Compound exercises have also been found to:
- Elevate testosterone
- Improve muscular coordination
- Increase power
Compound exercises address many actions at once, making them both efficient and effective. Here are some of the best compound exercises to add to your workout.
1. Hip Hinge or Deadlift
This compound movement targets the forearms, lats, glutes, hamstrings, core stabilizers, and upper-, mid-, and lower-back. It’s an amazing exercise for the whole posterior chain.
Stand with feet about hip-width apart. Make sure you are close enough to the bar. Drive your hips back. Take the tension out of the bar. Brace your core, and keep tension in the lats, and the knees soft as you push your heels into the floor. As the bar approaches the knees, think about shooting your hips into the bar. Finish in a tall stand while clenching your glutes.
This exercise enhances mobility in the hips and ankles, and challenges core stabilizers, posterior chain, lower legs, and quads.
Stand with feet shoulder-width apart. Dial your feet into the floor, activating your hips. Control the downward, or eccentric phase toward the floor—don’t let gravity lower you down. Move the tailbone toward the floor, while maintaining a tall, engaged torso. Push the floor away and rise to stand, fully extending.
This exercise targets the grip, shoulders, back, core stabilizers, arms, and legs. You can perform loaded carries with dumbbells, buckets of water, kettlebells, sandbags, trap bars, etc.
Brace your core and bend down and grab two of the heavy implements you will be using and walk as far as you can. Rest and then do it again…and again.
The primary movements of the lats are upper-arm adduction, internal rotation, and extension, but their secondary properties make them adaptable to train for posture. Strengthening the lats will provide better postural stabilization of the spine and lower pelvis because of its attachment points. The pull-up also trains the grip, arms, shoulders, back, core, and pelvic floor.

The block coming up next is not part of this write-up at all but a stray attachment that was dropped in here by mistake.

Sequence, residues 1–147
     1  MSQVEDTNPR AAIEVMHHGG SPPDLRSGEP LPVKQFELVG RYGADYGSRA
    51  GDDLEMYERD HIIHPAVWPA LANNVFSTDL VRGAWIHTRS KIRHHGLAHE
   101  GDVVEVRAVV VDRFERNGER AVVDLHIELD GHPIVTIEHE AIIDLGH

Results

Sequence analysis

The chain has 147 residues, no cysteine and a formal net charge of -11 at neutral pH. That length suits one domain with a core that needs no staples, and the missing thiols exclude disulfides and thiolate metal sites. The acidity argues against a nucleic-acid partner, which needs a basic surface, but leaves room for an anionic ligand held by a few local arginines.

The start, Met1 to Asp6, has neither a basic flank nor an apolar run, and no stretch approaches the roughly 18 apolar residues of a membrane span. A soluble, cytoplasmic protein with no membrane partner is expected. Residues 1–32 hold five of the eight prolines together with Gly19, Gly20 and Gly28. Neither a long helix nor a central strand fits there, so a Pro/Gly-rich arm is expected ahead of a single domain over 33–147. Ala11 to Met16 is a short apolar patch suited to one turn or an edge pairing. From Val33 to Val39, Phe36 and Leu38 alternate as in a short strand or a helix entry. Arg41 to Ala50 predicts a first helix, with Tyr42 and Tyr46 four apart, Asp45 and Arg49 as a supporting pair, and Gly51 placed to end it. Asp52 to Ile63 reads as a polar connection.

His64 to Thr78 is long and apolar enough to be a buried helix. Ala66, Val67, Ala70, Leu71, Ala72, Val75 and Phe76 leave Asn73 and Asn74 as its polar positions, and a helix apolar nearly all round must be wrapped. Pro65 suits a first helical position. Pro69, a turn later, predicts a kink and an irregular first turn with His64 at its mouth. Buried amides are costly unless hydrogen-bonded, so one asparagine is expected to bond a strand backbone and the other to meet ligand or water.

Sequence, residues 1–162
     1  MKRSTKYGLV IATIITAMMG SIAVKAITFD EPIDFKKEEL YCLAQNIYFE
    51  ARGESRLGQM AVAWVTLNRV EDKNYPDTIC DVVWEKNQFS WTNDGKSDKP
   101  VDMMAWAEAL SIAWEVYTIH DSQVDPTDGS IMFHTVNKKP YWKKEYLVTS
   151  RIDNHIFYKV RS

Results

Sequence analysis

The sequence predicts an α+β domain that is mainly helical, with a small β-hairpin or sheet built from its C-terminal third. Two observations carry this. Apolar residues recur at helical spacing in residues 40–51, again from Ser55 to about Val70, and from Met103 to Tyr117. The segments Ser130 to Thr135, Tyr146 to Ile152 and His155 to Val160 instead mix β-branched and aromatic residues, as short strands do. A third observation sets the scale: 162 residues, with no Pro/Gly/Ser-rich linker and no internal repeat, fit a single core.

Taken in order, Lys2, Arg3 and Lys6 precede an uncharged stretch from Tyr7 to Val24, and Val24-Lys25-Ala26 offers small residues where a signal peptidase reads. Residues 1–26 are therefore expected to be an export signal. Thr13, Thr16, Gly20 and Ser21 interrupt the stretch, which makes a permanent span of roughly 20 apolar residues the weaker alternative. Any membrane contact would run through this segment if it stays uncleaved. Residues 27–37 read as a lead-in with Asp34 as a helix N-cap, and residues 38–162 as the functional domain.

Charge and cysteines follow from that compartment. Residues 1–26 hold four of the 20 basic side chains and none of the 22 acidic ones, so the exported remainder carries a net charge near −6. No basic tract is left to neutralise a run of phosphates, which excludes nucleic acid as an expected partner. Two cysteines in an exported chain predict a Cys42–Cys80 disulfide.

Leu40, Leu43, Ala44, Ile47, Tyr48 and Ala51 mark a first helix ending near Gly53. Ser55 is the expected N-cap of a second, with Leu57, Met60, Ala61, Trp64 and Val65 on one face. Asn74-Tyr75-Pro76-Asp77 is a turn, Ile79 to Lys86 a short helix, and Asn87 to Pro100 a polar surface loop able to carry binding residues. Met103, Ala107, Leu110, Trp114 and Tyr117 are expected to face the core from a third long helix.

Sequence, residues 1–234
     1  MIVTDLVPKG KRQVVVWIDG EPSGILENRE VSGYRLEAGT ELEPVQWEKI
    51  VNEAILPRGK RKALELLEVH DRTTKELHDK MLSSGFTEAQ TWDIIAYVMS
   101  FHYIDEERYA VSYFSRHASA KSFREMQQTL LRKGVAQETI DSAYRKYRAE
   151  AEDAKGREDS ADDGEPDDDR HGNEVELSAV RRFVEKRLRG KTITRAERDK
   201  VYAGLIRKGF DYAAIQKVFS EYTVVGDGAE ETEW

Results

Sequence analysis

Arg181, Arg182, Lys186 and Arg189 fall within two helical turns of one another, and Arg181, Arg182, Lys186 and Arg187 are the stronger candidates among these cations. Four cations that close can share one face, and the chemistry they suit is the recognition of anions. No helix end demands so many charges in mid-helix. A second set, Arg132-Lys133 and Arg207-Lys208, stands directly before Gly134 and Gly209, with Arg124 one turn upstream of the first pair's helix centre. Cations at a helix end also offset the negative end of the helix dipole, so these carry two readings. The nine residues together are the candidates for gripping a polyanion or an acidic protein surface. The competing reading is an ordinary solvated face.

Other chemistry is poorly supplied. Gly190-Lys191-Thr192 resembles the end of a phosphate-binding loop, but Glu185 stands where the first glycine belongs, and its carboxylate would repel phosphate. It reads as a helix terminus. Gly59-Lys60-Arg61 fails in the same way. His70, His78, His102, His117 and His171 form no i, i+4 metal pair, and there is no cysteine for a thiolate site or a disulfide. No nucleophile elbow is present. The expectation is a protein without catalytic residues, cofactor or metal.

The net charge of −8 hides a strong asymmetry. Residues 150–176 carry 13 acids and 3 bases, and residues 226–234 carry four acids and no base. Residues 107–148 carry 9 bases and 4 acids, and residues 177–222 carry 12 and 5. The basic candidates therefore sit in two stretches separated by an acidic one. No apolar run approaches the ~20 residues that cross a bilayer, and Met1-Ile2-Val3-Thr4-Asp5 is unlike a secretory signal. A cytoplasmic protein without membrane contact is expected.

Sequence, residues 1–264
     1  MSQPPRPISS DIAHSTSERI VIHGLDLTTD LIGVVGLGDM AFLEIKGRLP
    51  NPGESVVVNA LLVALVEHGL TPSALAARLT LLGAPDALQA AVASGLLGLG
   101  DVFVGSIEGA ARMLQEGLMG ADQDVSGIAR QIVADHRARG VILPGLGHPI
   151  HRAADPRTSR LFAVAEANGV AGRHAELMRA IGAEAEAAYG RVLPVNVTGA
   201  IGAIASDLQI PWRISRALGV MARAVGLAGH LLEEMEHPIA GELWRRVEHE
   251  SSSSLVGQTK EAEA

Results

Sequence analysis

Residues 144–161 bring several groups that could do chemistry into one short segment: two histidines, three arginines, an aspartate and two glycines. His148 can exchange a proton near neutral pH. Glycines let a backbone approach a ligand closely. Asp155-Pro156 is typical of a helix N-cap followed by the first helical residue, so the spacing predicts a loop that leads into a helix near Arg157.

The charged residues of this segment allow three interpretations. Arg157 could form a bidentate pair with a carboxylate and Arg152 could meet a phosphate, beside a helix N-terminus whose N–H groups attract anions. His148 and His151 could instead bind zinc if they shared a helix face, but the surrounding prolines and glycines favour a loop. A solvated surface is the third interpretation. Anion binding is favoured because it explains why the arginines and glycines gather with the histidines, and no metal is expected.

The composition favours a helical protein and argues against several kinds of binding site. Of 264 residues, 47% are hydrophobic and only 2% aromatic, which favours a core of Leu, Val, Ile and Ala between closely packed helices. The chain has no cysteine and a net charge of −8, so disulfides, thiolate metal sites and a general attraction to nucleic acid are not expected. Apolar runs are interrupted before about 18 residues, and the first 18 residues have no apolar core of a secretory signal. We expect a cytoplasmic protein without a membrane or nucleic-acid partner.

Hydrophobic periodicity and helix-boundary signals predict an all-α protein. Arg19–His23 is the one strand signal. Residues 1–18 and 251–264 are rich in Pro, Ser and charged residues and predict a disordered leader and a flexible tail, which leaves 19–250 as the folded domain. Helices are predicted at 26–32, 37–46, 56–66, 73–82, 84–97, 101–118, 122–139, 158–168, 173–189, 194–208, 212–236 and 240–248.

To start, arms should be fully extended. True pull-ups work through a full range of motion. Retract the scapula, stabilize the girdle, and initiate the work or muscular contractions by pulling your body up until your chin is over the bar. Lower the body in a very controlled manner until the arms are fully extended.
Your arms, shoulders, serratus, core stabilizers, and pectoral muscles, along with the legs, glutes, and lats are all engaged to help you maintain a zipped-up line.
Place your hands on the floor directly under the shoulders with your fingers spread wide. Squeeze the glutes and press the heels away. Keep your head in line with your body and bend the elbows to lower the chest with control toward the floor. There should be no sagging anywhere in your body. Keep the legs, glutes, and shoulders engaged as you press back up to the starting position.
Elizabeth Andrews, author, and contributor have been a group fitness instructor and coach for 35 years, teaching and developing exciting classes and programming. Elizabeth holds many specialty certifications, including ACSM, ACE, Animal Flow, FMS, FRC, DVFT, and EBFA.